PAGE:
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Welcome to austinagrodolce … My family and I garden with more intention and enthusiasm than allocated budget or overall design plan. It shows. Wildlife populations don't seem to notice our lack of cohesive design, they just like the native plants here. It seems by growing local we've thrown out a welcome mat. Occasionally, we're surprised at who (and what) shows up.



Monday, September 28, 2015

September 2015 Butterfly Bucket List - Fiery Skipper

I'm joining up today with Anna of The Transmutational Garden for her monthly Butterfly Bucket List meme.
This month I can present with confidence, courtesy of identification provided by the friendly folks at Bug Guide.  Ladies and gents, I'm pleased to introduce Mr. Fiery Skipper (Hylephila phyleus).
A form of Grass Skipper (Hesperiinae), this little guy may have been a caterpillar in our own small patch of residual St. Augustine, however it is just as likely he was laid as an egg and then fed on as a caterpillar any of a number of Bermuda clumps I'm constantly finding.  Or crab grass.
While The Hub takes it personally when critters chew on his small patch of lawn, I'm more than happy to share ALL our Bermuda and Crab grass clumps with these tiny charmers!
Less than an inch long, these little guys are in near constant motion, so I was happy to get a few shots while this male was distracted by delicious nectar on Duelberg salvia and mint alike. Men! Give them their favorite beverage...
This is one of three different tiny yellow-orange skipper butterflies I saw for several days running, each of which was readily confused for the others to my amateur eyes.  I won't presume to point out identifying characteristics, but will encourage you to visit the links provided for further photos and information.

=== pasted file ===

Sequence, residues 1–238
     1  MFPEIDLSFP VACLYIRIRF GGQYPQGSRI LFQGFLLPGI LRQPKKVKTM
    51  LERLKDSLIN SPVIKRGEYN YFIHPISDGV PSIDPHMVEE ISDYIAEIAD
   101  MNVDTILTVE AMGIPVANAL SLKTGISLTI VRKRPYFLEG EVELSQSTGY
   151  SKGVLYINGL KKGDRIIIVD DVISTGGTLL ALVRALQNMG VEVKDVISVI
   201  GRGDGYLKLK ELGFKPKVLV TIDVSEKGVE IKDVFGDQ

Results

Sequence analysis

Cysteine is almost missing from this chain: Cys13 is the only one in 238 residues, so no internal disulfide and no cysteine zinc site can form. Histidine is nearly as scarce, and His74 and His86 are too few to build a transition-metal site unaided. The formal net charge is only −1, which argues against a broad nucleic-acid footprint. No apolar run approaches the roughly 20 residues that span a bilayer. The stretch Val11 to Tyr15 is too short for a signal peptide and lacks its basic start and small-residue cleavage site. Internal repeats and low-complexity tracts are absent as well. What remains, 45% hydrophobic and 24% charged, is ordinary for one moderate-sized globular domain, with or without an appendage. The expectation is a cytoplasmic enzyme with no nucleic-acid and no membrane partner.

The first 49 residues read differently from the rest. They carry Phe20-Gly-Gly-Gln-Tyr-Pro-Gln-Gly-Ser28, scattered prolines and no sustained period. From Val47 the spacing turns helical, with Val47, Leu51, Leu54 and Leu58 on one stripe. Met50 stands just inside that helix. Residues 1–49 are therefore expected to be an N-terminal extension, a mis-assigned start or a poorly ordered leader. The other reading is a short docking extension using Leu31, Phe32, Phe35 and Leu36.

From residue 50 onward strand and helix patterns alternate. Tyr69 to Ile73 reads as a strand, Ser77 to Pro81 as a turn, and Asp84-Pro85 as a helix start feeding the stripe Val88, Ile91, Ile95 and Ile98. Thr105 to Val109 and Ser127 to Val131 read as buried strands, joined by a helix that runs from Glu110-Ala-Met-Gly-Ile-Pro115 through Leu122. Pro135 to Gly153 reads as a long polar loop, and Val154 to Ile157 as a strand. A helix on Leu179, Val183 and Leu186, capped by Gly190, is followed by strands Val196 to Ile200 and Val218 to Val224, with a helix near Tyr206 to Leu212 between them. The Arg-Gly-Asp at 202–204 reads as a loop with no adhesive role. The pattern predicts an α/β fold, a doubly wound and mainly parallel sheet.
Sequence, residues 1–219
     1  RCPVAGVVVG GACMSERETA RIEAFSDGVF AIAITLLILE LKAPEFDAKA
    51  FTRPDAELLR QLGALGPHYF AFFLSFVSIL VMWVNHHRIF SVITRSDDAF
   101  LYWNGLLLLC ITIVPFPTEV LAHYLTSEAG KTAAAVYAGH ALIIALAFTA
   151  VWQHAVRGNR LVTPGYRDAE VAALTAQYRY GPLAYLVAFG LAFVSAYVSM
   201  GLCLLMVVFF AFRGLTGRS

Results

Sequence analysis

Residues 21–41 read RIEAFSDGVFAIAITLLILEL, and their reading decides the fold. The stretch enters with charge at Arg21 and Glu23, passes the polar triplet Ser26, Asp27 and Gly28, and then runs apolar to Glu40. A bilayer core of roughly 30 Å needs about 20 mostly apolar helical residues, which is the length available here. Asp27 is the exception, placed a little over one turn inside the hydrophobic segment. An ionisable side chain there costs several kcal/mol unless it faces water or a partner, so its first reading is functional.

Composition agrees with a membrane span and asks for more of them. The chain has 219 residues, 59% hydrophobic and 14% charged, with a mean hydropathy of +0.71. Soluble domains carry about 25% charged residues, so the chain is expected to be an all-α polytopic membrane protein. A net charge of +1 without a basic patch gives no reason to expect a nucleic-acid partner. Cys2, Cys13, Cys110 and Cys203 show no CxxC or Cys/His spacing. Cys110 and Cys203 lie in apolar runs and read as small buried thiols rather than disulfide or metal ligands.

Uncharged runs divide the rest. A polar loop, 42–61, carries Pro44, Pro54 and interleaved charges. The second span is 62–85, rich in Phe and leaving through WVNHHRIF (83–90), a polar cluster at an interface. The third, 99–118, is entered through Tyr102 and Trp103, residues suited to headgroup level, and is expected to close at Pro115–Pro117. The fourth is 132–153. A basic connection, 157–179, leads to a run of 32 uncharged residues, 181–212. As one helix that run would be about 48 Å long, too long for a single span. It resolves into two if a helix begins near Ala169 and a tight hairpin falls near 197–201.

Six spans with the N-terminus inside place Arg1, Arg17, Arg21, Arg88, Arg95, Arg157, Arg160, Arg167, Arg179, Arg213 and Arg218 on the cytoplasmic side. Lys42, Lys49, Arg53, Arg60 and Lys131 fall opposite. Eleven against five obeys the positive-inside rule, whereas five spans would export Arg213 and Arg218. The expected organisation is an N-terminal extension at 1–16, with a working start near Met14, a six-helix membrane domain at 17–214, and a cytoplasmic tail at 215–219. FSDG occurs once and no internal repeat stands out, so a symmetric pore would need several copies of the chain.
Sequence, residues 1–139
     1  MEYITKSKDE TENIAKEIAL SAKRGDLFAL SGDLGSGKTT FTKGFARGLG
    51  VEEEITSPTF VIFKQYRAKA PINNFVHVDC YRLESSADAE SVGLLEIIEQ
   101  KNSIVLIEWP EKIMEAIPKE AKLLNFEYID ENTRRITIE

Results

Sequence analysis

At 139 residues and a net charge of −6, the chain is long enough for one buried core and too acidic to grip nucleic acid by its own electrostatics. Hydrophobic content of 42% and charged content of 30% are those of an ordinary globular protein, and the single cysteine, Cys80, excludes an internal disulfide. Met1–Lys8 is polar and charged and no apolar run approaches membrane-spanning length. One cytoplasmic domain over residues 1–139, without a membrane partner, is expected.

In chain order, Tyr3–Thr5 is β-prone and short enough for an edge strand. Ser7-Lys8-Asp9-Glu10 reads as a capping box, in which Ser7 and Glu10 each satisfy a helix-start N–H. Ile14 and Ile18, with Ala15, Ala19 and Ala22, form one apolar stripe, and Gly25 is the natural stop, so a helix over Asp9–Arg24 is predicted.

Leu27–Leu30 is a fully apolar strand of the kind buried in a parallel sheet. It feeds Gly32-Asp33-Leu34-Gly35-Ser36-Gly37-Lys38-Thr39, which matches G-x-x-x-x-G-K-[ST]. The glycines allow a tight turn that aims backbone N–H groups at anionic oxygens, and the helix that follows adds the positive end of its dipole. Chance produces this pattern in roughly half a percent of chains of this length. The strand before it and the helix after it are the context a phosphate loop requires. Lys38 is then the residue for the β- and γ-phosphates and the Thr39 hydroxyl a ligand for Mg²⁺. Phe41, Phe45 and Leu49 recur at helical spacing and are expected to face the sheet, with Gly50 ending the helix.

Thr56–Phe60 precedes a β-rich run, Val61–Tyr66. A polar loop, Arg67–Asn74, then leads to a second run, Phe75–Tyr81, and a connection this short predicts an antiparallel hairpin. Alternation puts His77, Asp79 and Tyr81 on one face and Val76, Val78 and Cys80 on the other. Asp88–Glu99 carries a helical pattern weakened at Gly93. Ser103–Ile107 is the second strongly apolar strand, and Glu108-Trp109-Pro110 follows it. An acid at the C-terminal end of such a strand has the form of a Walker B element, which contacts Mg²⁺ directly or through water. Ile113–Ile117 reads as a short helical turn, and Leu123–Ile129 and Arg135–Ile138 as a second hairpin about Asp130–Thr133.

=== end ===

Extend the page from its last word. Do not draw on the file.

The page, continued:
Common here due to mild winters and lots (and LOTS!) of grassy areas, the eggs are laid individually on grass stems, which the caterpillar rolls and lays out horizontally for protection.  After pupating, males tend to stake out likely areas to attract females, while the ladies take off in search of Mr. Right.
The Fiery Skipper! Tiny perhaps, but with a presence powerful enough to put this garden blogger on her knees in the grass, crawling to get a shot.  Thanks to Anna for encouraging all of us to go beyond admiration. It is always an adventure finding out who these amazing creatures are that grace our gardens.  

12 comments:

Tina said...

I'm very impressed with your photography, indeed. I've seen those, or some of those, or relatives of those in my gardens, but they are tough to photograph. The pics of the plants are pretty great too. My mint apparently bit the dry dust at the end of summer, but I still have some basil. Happy butterfly-ing!

TexasDeb said...

Tina: Thank you! I just love basil, don't you - the smell! It absolutely is one of my favorites to brush up against in the garden. I try to grow basil every year and eventually let it go to seed for the finches. I also keep some mint I baby along in one corner of a bed just because it knocks itself out this time of year with flowers all the pollinators seem to enjoy. In fact, if you don't think your mint will be back once the weather wets up and cools off, I'll be more than happy to provide you with cuttings. (MORE than happy!)... As you're aware, mint will take over, given any opportunity.